Dusty: The Puerto Vallarta SPCA Case Study
Wong pieced together the story of Dusty, an abandoned dog who was very ill when rescued, who has since been adopted and lives overseas with a Canadian family.
“Dusty was very skinny and suffered from just about every disease a dog can get. It was found in the Mojoneras neighborhood in 2019, in an area with a lot of dust, hence its name. His physical condition was so depressing that he blended in with the surrounding land, and his illnesses were so severe that it was thought he would not survive. In fact, we didn’t know where to start the treatment. However, thanks to the work of the whole team, between the end of 2020 and the beginning of 2021, we were able to place him in Canada, and he remains strong and healthy today.
Challenges for the shelter
Hurricane Nora brought high winds and heavy rain with it when it made landfall at our destination in August 2021. Unfortunately, these extreme weather conditions caused massive river overflows, as well as flooding and landslides. devastating terrain in several parts of the city.
With the flooding of the Pitillal River and the trees that were swept away and swept away by its current, the facilities and infrastructure at the SPCA Puerto Vallarta shelter suffered severe damage. “More than half of our land is gone and approximately 6,500 square feet of the building structure has been lost. This included the 20 cages that made up the quarantine area, the swimming pool that served as a place to perform physical therapies and the cat area, as well as our dining room, a bathroom, the laundry room and an apartment where our collaborators lived. . Now we only have nine cages left, a bathroom, a veterinary practice which we have adapted into a storage area and the operating room,” explains Wong.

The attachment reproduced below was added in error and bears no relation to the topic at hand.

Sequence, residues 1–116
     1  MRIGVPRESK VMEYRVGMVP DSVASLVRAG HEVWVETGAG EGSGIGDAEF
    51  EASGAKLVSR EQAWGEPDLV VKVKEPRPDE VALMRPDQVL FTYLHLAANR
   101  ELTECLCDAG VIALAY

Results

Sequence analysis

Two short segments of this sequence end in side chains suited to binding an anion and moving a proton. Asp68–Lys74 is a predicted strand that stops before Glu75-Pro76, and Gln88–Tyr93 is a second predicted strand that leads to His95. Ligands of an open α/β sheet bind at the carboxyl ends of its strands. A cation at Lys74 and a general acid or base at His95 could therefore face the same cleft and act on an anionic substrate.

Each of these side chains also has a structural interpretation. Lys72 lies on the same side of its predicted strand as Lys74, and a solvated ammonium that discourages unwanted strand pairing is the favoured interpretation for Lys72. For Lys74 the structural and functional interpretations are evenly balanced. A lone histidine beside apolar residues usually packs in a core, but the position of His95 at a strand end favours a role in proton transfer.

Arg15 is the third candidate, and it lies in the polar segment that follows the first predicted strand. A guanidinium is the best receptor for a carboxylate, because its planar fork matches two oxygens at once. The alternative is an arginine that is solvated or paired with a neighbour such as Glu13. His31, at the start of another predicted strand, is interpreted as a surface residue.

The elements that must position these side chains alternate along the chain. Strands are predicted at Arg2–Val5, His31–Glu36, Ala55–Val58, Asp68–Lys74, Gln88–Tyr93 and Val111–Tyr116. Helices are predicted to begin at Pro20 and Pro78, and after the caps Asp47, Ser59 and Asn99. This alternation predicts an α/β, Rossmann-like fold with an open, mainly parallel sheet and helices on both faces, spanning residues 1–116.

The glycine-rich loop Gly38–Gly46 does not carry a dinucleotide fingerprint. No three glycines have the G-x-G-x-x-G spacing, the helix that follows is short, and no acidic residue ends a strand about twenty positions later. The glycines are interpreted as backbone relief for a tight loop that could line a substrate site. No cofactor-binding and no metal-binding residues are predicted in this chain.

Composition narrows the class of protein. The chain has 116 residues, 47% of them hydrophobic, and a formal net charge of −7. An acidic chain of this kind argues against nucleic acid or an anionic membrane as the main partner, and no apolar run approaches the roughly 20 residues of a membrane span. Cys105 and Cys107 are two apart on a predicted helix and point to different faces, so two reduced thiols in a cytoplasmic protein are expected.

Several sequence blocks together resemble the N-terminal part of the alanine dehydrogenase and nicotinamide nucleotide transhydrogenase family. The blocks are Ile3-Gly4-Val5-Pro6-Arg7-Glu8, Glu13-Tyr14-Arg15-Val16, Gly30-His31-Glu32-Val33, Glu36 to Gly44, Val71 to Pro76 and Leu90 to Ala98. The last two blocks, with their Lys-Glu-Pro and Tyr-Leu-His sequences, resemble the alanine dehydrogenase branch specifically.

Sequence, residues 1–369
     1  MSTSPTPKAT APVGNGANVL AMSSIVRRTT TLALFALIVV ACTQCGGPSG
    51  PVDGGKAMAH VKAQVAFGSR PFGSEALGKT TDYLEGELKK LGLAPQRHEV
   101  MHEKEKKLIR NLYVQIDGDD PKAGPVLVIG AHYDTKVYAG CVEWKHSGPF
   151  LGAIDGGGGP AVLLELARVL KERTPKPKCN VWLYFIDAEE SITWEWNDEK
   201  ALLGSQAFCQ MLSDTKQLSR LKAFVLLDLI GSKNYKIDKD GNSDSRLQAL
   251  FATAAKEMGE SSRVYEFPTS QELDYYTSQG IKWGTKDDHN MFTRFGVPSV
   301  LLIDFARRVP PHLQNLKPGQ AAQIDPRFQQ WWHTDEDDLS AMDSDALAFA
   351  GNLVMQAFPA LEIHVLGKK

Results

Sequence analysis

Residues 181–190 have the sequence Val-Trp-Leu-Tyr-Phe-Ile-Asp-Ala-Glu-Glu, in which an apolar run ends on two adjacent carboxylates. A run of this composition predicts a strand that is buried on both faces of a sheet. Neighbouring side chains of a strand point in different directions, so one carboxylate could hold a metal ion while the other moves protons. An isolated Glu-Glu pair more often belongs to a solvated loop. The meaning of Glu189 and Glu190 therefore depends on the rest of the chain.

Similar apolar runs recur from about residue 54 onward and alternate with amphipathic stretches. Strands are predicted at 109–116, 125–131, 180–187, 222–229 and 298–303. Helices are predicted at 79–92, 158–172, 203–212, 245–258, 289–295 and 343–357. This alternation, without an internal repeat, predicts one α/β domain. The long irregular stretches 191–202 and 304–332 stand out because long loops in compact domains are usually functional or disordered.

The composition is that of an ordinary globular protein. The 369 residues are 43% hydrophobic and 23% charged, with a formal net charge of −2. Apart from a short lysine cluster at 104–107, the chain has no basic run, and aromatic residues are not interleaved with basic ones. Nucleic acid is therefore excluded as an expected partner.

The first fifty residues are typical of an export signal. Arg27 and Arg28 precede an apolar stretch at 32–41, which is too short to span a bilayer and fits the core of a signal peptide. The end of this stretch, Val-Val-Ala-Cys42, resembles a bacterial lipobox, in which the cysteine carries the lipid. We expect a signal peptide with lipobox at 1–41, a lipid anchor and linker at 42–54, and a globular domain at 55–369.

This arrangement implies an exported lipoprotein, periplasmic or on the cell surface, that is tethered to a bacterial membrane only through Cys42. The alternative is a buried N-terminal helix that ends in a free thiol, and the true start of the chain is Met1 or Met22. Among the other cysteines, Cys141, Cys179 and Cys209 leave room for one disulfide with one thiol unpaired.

Although in the short term they are looking to gradually rebuild their facilities, one of their biggest challenges is working on strengthening the river banks, which require the erection of gabion walls to function as effective protection. against the possible presence of another meteorological phenomenon. phenomenon.
How to help?
Mainly, this partnership can be supported in three ways:
- By getting involved as a volunteer.
- With in-kind donations (while the cat food is Maintenance Cat, the dog food is Nature’s Domain, both Kirkland brand).
- Through tax-deductible economic donations through the organization’s website at spcapv.com.
In Memory Of Janice Chatterton
Janice Chatterton, Founder and President of SPCA Puerto Vallarta, has done for a living what few people do because she has helped change social behaviors and saved the lives of countless animals. She passed away in 2019 after suffering from a sudden illness.
Originally from California, Chatterton, an entrepreneur, came to our destination in 1990, when she bought the iconic Casa Bur-Sus to use as a vacation property – the home that Richard Burton gave to Susan Burton after the filming. The night of the iguana. She undertook renovations and the purchase of the surrounding villas. Eventually this property became Casa San Ángel and finally, in 2003, Hacienda San Ángel, which it remains today.
At the same time, she developed the Sociedad Protectora y Compasiva por los Animales (Society of Protection and Compassion for Animals) of Puerto Vallarta, a project carried out with great success in our destination for 15 years.